Resilience and communities

As Ungar spent more and more time delving into the now-vast banks of research on the topic, he realised there was something missing in the way people were framing resilience. “It was all very individual, very psychological. No one was asking questions about how resilience might function in different communities and different cultural contexts.” As a result, Ungar developed his own, broader concept of resilience. “I don’t define it as mindset or grit or an individual trait,” he tells me. “Rather, it’s a question of how people are able to interact with their environment to try and get what they need to do well in their particular context.”

To put it another way, resilience is going to mean different things to different people in different families and communities. So, we need to listen and respond to our children rather than prescribe a one-size-fits-all approach. “I always say to parents, ‘Help your kid find what they need, but also think about it from their point of view. What is it that they actually want?’ Sometimes the parents are so keen on a particular path that they forget to negotiate with the kid about what it is that the child is actually good at.”

Risk-taking helps build resilience

For Ungar, developing resilience is a matter of offering children the “risk-taker’s advantage”. “Intentional exposure to manageable amounts of risk allows you to develop the skills you’re going to need to cope later in life. If our children have never had a sleepover, never eaten unfamiliar foods, never been in a car without an iPad in front of them, then how can we expect them to develop the self-regulation that will give them the ability to talk to strangers and adapt to different situations?”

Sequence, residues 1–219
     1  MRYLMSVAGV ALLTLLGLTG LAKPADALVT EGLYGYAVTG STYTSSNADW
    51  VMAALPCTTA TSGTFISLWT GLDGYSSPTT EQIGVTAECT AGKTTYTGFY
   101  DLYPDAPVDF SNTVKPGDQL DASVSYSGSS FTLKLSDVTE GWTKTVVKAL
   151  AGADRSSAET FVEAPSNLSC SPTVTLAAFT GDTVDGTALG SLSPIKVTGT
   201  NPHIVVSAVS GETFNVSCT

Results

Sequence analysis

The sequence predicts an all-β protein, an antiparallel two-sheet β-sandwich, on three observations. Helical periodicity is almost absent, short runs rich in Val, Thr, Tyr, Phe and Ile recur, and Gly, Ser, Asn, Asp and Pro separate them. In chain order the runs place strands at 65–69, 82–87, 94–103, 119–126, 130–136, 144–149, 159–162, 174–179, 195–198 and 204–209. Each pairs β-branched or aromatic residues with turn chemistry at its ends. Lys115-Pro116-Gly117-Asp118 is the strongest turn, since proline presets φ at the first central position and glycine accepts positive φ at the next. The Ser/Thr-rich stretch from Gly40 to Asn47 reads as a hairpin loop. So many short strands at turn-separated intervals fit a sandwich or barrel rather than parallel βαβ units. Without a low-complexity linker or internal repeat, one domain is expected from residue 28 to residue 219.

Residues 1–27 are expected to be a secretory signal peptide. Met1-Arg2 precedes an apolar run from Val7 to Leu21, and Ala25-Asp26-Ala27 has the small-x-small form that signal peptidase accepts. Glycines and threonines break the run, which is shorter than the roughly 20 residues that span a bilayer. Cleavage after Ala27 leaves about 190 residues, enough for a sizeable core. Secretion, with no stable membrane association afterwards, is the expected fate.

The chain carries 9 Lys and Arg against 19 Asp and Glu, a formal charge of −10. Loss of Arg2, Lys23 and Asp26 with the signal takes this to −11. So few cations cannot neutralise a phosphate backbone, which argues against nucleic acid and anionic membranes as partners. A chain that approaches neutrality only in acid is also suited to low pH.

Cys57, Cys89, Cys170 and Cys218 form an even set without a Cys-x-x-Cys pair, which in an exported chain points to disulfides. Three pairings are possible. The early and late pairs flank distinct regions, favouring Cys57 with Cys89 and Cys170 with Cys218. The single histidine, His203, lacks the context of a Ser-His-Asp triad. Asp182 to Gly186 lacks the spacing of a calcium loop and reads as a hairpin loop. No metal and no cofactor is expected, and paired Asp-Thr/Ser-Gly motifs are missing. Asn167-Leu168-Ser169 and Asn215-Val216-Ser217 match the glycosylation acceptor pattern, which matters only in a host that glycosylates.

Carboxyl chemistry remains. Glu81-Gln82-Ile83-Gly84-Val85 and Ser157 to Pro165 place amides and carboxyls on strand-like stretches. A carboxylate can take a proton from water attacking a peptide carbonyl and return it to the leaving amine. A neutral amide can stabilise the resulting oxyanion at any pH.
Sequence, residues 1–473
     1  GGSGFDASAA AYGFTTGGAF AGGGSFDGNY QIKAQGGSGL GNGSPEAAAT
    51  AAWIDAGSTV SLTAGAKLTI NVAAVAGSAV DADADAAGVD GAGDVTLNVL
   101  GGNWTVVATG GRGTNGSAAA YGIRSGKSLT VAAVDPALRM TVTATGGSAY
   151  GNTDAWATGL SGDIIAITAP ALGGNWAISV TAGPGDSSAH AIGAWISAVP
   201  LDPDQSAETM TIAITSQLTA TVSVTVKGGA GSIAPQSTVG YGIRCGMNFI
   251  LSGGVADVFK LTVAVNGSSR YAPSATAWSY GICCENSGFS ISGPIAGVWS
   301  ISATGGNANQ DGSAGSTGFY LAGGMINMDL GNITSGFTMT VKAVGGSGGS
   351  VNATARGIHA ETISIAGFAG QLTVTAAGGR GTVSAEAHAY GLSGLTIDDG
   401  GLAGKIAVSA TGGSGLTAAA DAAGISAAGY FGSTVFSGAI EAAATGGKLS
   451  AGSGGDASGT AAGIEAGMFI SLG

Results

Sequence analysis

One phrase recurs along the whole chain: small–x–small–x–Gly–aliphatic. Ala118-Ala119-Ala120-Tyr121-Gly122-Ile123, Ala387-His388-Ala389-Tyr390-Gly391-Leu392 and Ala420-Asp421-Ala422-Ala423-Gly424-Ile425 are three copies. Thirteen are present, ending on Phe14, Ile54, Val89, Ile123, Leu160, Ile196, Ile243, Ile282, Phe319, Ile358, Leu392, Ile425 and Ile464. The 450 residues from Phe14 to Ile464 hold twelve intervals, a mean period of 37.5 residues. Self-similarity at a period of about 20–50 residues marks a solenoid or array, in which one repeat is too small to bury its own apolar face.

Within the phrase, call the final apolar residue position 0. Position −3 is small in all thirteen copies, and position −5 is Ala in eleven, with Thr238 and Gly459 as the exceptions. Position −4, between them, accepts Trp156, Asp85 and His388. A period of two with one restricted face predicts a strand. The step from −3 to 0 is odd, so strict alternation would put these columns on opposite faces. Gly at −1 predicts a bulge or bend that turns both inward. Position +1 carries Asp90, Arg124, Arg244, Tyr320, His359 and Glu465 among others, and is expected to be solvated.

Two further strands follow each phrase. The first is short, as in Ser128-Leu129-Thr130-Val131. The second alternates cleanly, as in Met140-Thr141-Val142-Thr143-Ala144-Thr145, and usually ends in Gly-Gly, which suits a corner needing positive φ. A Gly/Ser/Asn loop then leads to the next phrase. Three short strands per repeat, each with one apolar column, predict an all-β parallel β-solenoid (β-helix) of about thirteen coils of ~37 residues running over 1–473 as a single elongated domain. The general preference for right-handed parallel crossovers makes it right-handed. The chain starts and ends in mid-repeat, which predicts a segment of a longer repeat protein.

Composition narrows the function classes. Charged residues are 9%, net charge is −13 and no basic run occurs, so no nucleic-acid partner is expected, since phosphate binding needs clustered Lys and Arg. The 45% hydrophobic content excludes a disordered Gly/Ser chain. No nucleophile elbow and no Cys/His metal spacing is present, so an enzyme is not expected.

The children’s author Maurice Sendak—he wrote Where the Wild Things Are—often talked about how he wanted his work to evoke the perpetual terror of childhood. That feeling of being thrust from uncertain situation to uncertain situation, always trying to work out the correct response to a world you don’t fully understand. Yet it’s in that steady accretion of trial and error, of success and failure and absolute humiliation, that we find our way to maturity. 

Protecting children can make them less resilient

It’s hard, as a parent, to accept that. You want to protect your children, to make their lives smoother, easier. But Ungar believes we run the risk of leaving our children unprepared for the inevitable joys and tragedies and opportunities that mark our lives.